The second day saw us 4WDing along Karratha’s foreshores with senior ranger Darrell Hutchens to get a better understanding of the erosion, litter and recreational issues along that part of the coastline which has experienced a surge in population growth in recent years. Guaranteed that without Darrell, there is no way we would have made it out of the boggy mudflats or sandy dunes, where we saw a few sad-looking cars who had been ditched by their owners after getting stuck in the seemingly sturdy soils, which also provide an awesome habitat for Karratha’s mangroves and mudcrabs!
Following our Karratha foreshore site visit on Tuesday, 9th April, over 30 community members attended a forum organised by Essential Environmental together with the Shire of Roebourne at the Frank Butler Community Hall the same evening. The community forum was designed to allow the local community to share their thoughts on how and why they valued Gnoorea and Karratha foreshores, what they felt the issues where at these locations, and what could be done to manage them into the future, where greater numbers of people from an increasing regional population are likely to want access to these areas.
Attendees represented a number of different community groups and organisations such as the Karratha Community Association, King Bay Game Fishing Club, Karratha Country Club, Murujuga Aboriginal Corporation, heritage advisors for the Ngarluma Aboriginal Corporation, Kuruma Marthudunera Ltd, Leave No Trace Australia, the Shire of Roebourne council and the Department of Mines and Petroleum. Even the ABC turned up to find out what was going on at the workshop and interviewed Shelley, David Pentz from the Shire of Roebourne, and a number of members of the community!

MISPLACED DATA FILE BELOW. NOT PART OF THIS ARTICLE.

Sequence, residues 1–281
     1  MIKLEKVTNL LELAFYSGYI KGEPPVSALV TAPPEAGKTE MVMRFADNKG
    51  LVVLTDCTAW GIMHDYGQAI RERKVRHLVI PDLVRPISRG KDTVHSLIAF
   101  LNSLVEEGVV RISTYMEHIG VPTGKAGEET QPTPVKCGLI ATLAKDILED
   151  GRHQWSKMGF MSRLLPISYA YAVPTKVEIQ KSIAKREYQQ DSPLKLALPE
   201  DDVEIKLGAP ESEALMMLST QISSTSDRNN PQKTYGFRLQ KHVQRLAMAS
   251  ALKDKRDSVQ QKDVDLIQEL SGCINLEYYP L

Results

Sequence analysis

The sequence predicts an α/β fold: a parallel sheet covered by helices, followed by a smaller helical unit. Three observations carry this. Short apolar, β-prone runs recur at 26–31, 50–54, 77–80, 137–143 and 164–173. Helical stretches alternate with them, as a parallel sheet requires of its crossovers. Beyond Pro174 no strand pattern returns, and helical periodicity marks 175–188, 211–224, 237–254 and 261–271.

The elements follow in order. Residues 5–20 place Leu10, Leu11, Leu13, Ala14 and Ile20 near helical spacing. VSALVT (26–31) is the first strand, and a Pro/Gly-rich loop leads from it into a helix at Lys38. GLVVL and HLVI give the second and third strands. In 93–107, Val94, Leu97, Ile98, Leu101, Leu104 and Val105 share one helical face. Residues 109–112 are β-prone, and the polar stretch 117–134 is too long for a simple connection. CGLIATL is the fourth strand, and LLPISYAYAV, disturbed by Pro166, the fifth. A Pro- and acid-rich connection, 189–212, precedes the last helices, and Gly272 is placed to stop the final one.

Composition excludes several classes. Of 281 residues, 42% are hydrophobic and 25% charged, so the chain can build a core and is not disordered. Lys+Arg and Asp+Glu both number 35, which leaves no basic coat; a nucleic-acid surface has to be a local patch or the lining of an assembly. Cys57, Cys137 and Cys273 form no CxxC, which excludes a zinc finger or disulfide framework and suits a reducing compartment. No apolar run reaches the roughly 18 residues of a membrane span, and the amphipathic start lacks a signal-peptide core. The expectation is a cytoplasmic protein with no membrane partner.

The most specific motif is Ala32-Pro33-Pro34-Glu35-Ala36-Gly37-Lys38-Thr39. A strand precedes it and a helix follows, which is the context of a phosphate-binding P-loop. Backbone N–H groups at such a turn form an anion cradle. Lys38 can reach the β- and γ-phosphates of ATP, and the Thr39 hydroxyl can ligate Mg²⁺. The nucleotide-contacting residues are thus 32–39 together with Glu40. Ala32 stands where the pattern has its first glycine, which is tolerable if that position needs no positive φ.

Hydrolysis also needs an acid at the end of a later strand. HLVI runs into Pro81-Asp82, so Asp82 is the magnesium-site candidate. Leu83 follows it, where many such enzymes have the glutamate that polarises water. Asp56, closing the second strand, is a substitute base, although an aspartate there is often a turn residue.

Following a marathon discussion a number of common values became apparent, including the environmental and aboriginal cultural heritage, unencumbered recreational use/access, remoteness, and fishing, boating and camping opportunities. Suggestions to maintain these values included defining parking, 4WDing areas and camping sites, educating both locals and visitors to increase respect and awareness of environmental and cultural values, and increasing Traditional Owners’ involvement in active management of the foreshores. The feedback obtained from the forum will be used to inform Foreshore Management Plans for both Karratha and Gnoorea. In addition, an existing plan focusing on the beaches of Point Samson, initiated by the Point Samson Community Association, will be incorporated into a greater Foreshore Management Plan for the Point Samson townsite and will be completed separately to the plans for Karratha and Gnoorea.
The ABC local radio broadcast was aired the following morning and can be heard here:
The community’s voice was heard on the issue of foreshore management, which we thought was pretty exciting.